This is a question many have asked since breakthrough infections were first reported: can you still spread the virus if you get vaccinated and infected?
The answer is believed to be yes, but Chicago’s top doctor said evidence suggests that fully vaccinated people have a smaller window to spread it.
Chicago Department of Public Health Commissioner Dr. “So the vaccine doesn’t stop transmission 100%, and it never did,” said Allison Arwady. “But the most important thing that reduces your risk of contracting COVID… is that if you’re not infected with COVID, you can’t spread COVID. And apart from that, if you get vaccinated and you get a breakthrough infection, the potential spread of even COVID is less than in unvaccinated people.”
NBC News reported A new study earlier this month found that people who are fully vaccinated are less likely to spread the virus, even if they are infected; It’s a particularly interesting finding as authorities are investigating the spread of the delta variant and how vaccination can reduce transmission.
The study by British scientists at the University of Oxford reportedly examined the records of around 150,000 contacts followed from around 100,000 coronavirus cases. including those who have been fully or partially vaccinated with Pfizer-BioNTech or people who have not been vaccinated as well as AstraZeneca vaccines. The researchers then looked at how vaccines affected the spread of the virus if a person had an infection with the alpha variant or virus. highly contagious delta variant.
According to HCMResearch conducted prior to the emergence of the delta variant found that people vaccinated with mRNA COVID vaccines who developed a breakthrough infection “generally had a lower viral load” than people who were not vaccinated.
“This observation may indicate decreased infectivity as viral load has been identified as the main driver of transmission,” the agency said.
For the Delta variant, early data showed that vaccinated and unvaccinated persons infected with Delta had similar levels of viral RNA and culturable virus was detected, although some studies showed “a faster decline in viral RNA and culturable virus in fully vaccinated persons.” HCM.
“These findings suggest that the risk of any associated transmission is significantly reduced in vaccinated persons,” the CDC said. “Even for the delta, the evidence suggests that fully vaccinated people infected with delta are contagious for shorter periods of time than unvaccinated people infected with delta.”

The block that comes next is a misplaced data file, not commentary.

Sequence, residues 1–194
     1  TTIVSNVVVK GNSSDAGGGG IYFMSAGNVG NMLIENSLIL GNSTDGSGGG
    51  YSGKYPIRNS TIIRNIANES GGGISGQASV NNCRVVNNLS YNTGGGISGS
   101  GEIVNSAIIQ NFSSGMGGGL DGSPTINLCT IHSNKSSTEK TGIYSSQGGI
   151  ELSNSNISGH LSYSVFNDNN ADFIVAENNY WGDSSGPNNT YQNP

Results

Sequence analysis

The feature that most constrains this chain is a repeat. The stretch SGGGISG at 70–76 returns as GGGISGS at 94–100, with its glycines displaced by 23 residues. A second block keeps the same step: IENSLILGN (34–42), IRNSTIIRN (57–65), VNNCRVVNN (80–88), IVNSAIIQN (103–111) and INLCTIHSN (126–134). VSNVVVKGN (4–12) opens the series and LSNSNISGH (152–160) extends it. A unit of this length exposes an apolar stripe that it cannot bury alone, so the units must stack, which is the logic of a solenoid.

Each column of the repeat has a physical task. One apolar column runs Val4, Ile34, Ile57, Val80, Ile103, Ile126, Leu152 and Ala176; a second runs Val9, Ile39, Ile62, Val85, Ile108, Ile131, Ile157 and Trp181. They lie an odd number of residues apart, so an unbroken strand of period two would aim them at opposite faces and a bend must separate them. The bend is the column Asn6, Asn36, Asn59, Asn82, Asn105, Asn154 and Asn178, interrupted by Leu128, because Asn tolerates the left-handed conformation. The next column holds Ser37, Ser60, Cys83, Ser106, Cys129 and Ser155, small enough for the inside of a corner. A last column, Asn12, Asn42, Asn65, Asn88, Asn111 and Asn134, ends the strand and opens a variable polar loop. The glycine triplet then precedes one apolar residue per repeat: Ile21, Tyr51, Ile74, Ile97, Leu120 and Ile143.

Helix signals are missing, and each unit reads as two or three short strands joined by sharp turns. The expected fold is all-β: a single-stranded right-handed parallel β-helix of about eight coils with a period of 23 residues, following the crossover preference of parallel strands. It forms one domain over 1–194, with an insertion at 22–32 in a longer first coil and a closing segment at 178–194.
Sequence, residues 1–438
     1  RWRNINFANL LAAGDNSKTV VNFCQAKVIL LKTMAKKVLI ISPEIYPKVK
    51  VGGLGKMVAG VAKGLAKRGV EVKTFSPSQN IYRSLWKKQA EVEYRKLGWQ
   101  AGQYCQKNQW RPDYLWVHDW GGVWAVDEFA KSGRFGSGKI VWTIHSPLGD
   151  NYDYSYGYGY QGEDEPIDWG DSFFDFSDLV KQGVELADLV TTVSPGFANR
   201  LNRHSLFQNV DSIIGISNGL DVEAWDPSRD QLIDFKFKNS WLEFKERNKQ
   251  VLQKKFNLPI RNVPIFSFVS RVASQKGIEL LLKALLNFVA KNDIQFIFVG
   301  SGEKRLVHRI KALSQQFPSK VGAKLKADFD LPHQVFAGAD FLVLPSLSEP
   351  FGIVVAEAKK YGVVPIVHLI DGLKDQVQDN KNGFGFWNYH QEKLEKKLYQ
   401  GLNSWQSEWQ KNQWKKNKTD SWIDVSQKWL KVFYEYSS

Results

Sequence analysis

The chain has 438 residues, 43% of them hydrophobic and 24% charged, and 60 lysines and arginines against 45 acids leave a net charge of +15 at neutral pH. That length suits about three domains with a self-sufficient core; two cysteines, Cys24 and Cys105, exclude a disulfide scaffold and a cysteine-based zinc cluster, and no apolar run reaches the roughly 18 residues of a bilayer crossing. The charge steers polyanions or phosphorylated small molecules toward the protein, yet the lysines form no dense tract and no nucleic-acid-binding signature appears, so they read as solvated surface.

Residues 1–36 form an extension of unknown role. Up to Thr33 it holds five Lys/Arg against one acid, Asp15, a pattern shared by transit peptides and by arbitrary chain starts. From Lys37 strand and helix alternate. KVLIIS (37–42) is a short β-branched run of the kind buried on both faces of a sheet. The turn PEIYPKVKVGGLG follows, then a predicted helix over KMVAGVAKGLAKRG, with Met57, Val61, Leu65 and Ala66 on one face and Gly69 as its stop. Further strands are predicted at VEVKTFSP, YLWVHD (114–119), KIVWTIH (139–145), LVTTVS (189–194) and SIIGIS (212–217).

While rare, breakthrough infections continue to be reported in Illinois and across the country, but experts note that most people who are fully vaccinated and infected with COVID have mild infections and rarely require hospitalization or die if they show any symptoms.
In Illinois, 2,297 fully vaccinated people have been hospitalized since January with a breakthrough infection that represents 0.032% of the state’s fully vaccinated population. At the same time, 679 people died.
The Illinois Department of Public Health reported that more than half of those hospitalized or died had underlying health problems.
Unvaccinated residents are more than twice as likely to contract COVID as fully vaccinated residents, according to data from Chicago.
Arwady said no vaccine can “stop 100% of COVID”, but vaccination and masking remain the most effective prevention tools.
His comments came as health officials discussed the need for booster vaccines for millions of Americans.
Last month, the FDA authorized booster shots of the Pfizer vaccine for older Americans and other groups with a high vulnerability to COVID-19.
This week, a panel of outside experts for the FDA is reviewing data to determine whether it should recommend approval of Moderna and Johnson & Johnson booster doses. It is the first step in a review process that includes approval from both the FDA and the Centers for Disease Control and Prevention leadership.
According to the CDC, an estimated 103 million Americans are fully vaccinated with Pfizer’s formula, 69 million with Moderna, and 15 million with J&J.
The scientists emphasized that all three vaccines used in the USA still provide strong protection against severe illness and deaths from COVID-19. The question now is how quickly and how much the protection against milder infections can diminish.